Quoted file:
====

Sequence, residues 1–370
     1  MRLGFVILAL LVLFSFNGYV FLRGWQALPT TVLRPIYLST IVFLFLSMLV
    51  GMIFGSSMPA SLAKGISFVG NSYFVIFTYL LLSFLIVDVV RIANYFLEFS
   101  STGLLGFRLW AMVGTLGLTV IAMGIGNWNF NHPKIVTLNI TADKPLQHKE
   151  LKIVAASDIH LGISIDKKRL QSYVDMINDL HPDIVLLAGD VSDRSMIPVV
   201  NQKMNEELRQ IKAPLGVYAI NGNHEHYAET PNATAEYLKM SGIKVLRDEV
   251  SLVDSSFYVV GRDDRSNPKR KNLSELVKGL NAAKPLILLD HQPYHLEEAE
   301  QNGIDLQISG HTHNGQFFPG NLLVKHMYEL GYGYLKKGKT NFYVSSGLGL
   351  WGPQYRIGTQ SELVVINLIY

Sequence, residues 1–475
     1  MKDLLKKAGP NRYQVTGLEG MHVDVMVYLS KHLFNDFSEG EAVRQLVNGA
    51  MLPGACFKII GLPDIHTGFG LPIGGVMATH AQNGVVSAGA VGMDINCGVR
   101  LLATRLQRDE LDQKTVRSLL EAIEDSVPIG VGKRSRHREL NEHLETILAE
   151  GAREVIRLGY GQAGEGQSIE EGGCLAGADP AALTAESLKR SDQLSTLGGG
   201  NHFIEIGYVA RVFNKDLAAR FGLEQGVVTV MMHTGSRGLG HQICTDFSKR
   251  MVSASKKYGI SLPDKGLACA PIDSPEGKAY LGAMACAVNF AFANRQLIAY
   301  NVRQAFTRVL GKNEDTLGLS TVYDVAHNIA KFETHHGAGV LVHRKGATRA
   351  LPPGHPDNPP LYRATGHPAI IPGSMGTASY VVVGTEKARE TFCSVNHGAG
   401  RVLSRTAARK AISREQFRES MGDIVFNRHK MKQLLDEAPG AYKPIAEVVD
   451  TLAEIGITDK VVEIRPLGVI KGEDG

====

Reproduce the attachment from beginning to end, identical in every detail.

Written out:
Sequence, residues 1–370
     1  MRLGFVILAL LVLFSFNGYV FLRGWQALPT TVLRPIYLST IVFLFLSMLV
    51  GMIFGSSMPA SLAKGISFVG NSYFVIFTYL LLSFLIVDVV RIANYFLEFS
   101  STGLLGFRLW AMVGTLGLTV IAMGIGNWNF NHPKIVTLNI TADKPLQHKE
   151  LKIVAASDIH LGISIDKKRL QSYVDMINDL HPDIVLLAGD VSDRSMIPVV
   201  NQKMNEELRQ IKAPLGVYAI NGNHEHYAET PNATAEYLKM SGIKVLRDEV
   251  SLVDSSFYVV GRDDRSNPKR KNLSELVKGL NAAKPLILLD HQPYHLEEAE
   301  QNGIDLQISG HTHNGQFFPG NLLVKHMYEL GYGYLKKGKT NFYVSSGLGL
   351  WGPQYRIGTQ SELVVINLIY

Sequence, residues 1–475
     1  MKDLLKKAGP NRYQVTGLEG MHVDVMVYLS KHLFNDFSEG EAVRQLVNGA
    51  MLPGACFKII GLPDIHTGFG LPIGGVMATH AQNGVVSAGA VGMDINCGVR
   101  LLATRLQRDE LDQKTVRSLL EAIEDSVPIG VGKRSRHREL NEHLETILAE
   151  GAREVIRLGY GQAGEGQSIE EGGCLAGADP AALTAESLKR SDQLSTLGGG
   201  NHFIEIGYVA RVFNKDLAAR FGLEQGVVTV MMHTGSRGLG HQICTDFSKR
   251  MVSASKKYGI SLPDKGLACA PIDSPEGKAY LGAMACAVNF AFANRQLIAY
   301  NVRQAFTRVL GKNEDTLGLS TVYDVAHNIA KFETHHGAGV LVHRKGATRA
   351  LPPGHPDNPP LYRATGHPAI IPGSMGTASY VVVGTEKARE TFCSVNHGAG
   401  RVLSRTAARK AISREQFRES MGDIVFNRHK MKQLLDEAPG AYKPIAEVVD
   451  TLAEIGITDK VVEIRPLGVI KGEDG